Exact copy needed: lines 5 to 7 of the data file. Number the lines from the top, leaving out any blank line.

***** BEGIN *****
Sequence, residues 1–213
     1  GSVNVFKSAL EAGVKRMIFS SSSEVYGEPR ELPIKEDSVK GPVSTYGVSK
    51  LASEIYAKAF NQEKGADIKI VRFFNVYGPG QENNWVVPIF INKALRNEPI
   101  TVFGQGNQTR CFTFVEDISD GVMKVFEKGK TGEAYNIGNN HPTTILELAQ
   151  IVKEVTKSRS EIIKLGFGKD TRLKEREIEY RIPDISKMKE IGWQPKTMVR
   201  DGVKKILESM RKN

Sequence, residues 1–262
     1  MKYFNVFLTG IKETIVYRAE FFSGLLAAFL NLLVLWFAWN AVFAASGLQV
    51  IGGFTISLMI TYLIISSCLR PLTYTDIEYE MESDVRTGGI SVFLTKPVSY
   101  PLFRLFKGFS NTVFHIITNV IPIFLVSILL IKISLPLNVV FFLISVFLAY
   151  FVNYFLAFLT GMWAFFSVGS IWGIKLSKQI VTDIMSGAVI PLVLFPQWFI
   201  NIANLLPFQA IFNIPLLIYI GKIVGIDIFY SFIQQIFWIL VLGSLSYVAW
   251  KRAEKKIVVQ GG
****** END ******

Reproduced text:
   151  IVKEVTKSRS EIIKLGFGKD TRLKEREIEY RIPDISKMKE IGWQPKTMVR
   201  DGVKKILESM RKN

Sequence, residues 1–262